Home / Health / Southern California mosquitoes test positive for West Nile virus and St. Louis encephalitis – NBC Los Angeles

Southern California mosquitoes test positive for West Nile virus and St. Louis encephalitis – NBC Los Angeles



What to know

  • The mosquitoes were collected from a trap in Hacienda Heights.
  • With rising temperatures, mosquito populations and the risk of disease, which is a serious threat to public health in our communities, increase, according to vector control.
  • Severe symptoms include high fever, muscle weakness, stiff neck, coma, paralysis and possibly death.

The first West Nile virus positive mosquito sample of the season in Los Angeles County was reported on Monday, while vector control in Palm Desert also reported mosquito samples that tested positive for WNV and St. Louis encephalitis.

The Los Angeles area vector control district said the mosquitoes were collected from a trap in Hacienda Heights, where adult mosquito populations and adult female mosquito test groups are routinely monitored for the presence of WNV and other mosquito-borne viruses.

“This discovery should serve as a reminder that WNV is endemic to Los Angeles County,”

; said Susanne Kluh, director of scientific and technical services at GLACVCD. “As temperatures rise, so do mosquito populations and the risk of disease, which represents a serious public.” Health threat in our communities. ”

Protesters protested around the world this weekend to mourn the death of George Floyd by police officers from Minneapolis.

The West Nile virus was also found in mosquitoes collected from traps in Palm Desert. This emerges from the reports of Coachella Valley Mosquito and Vector Control District.

Just a week earlier, mosquitoes in La Quinta tested positive for St. Louis encephalitis.

WNV is transmitted to humans and animals through the bite of an infected mosquito. There is no cure and every fifth person infected shows symptoms such as fever, headache, body ache, nausea or rash. The symptoms can last from several days to months. One in 150 people infected with the virus must be hospitalized. Severe symptoms include high fever, muscle weakness, stiff neck, coma, paralysis and possibly death.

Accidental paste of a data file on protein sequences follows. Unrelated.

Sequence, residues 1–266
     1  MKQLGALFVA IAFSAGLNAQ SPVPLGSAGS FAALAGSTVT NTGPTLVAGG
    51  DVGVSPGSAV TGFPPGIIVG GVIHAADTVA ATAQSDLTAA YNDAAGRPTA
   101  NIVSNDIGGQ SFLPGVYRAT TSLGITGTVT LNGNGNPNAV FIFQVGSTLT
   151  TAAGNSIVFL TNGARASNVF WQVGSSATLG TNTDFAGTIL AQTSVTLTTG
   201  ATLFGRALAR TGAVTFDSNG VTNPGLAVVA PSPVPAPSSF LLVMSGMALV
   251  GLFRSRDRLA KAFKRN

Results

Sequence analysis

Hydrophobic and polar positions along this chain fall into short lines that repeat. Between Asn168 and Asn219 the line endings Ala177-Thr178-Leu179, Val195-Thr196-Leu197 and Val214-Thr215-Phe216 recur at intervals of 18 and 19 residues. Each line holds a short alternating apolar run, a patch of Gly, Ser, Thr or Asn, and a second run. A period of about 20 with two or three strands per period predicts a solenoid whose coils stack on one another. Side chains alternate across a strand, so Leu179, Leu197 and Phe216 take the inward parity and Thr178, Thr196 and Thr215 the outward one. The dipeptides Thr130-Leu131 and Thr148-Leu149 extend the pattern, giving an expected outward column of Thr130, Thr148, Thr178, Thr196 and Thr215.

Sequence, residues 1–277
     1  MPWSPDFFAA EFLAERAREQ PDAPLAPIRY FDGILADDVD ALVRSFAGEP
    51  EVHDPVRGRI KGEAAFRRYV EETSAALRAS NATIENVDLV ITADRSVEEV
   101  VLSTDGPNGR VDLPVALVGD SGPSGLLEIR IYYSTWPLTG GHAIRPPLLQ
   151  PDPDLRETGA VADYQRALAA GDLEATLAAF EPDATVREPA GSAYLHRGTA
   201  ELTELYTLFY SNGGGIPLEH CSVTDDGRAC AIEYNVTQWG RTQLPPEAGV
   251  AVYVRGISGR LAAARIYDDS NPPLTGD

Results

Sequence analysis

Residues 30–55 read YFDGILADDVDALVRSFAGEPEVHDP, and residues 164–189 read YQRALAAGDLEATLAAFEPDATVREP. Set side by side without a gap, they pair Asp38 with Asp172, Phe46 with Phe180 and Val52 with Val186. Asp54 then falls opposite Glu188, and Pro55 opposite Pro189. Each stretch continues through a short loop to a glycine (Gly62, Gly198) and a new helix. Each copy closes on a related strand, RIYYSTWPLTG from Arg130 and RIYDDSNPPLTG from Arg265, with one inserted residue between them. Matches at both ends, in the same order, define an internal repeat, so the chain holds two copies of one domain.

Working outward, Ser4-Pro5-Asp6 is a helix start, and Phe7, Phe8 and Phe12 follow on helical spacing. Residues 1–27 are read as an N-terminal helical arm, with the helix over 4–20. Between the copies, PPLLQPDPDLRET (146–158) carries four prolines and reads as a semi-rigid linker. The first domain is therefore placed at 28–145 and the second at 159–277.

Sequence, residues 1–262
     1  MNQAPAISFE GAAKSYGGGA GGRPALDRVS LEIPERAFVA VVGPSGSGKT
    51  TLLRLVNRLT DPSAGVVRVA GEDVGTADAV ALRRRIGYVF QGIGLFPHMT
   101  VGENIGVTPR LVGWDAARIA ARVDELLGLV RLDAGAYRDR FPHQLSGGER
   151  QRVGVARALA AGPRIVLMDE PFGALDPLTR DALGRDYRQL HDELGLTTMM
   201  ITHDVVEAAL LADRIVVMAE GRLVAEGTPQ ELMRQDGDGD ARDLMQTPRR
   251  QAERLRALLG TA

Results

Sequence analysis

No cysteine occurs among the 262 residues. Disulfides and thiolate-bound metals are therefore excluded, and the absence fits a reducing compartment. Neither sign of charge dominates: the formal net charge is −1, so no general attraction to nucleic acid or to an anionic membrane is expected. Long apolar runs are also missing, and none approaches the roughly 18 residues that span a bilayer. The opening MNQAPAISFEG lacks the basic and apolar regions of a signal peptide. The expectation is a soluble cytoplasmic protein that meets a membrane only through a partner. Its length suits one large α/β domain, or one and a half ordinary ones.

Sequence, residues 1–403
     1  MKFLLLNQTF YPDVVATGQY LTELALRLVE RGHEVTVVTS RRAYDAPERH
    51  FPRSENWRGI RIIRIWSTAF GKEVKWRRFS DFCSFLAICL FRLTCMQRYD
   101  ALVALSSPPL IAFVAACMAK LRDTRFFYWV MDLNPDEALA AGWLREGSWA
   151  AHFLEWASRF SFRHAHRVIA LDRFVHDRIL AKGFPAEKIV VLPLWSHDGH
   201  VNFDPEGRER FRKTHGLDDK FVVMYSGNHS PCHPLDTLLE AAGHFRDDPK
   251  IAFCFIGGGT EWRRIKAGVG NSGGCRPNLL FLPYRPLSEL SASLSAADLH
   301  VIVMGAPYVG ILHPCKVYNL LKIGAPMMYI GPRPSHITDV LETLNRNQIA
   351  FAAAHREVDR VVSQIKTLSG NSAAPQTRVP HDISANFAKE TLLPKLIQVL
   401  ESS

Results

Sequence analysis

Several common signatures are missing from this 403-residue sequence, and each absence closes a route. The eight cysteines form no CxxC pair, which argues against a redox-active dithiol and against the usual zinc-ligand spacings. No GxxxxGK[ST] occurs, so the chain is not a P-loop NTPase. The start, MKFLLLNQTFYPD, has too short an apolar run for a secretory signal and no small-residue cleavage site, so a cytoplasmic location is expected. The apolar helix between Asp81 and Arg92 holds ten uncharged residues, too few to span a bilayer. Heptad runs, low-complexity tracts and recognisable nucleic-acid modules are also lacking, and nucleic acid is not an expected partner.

The late rains combined with warmer temperatures have contributed to increased mosquito activity in the communities of Southland, according to the Vector Control District.

“Our agency will continue to monitor disease activity and treat affected areas,” said Mary-Joy Coburn, director of community affairs at GLACVCD. “Although the positive mosquitoes were collected in one area at the time, all LA County residents should take precautions.” as if you were wearing insect repellent and removing standing water in the house. ”

Many mosquito repellents are available to prevent bites, but they don’t all work equally well. The United States Centers for Disease Control and Prevention recommend products containing DEET, Picaridin, IR3535, or Lemon Eucalyptus Oil as safe and effective when used against mosquito-bearing labels as per the labels. Wearing loose-fitting long sleeves and pants can also help keep bites off.

Any water that remains in containers such as flower pots, fountains and animal dishes for more than a week offers the perfect breeding area for mosquitoes. GLACVCD reminds residents that even the smallest water source can contribute to a major public health problem.

The GLACVCD urged residents to take an active role in reducing the WNV threat in their neighborhood by taking the following steps:

  • standing water in clogged gutters, rain barrels,
  • discarded tires, buckets, drinkers or anything that holds water for more than a week;
  • Make sure that swimming pools, spas and ponds are properly maintained.
  • Change the water in pet bowls, bird baths and other small containers weekly.
  • Request a mosquito fish from your local vector control district to place it in ornamental ponds.
  • Wear insect repellent outdoors where there may be mosquitoes
  • Report neglected or green water pools in your neighborhood to your vector control district.

For more information, residents of GLACVCD can be found online at www.glacvcd.org or by calling 562-944-9656.




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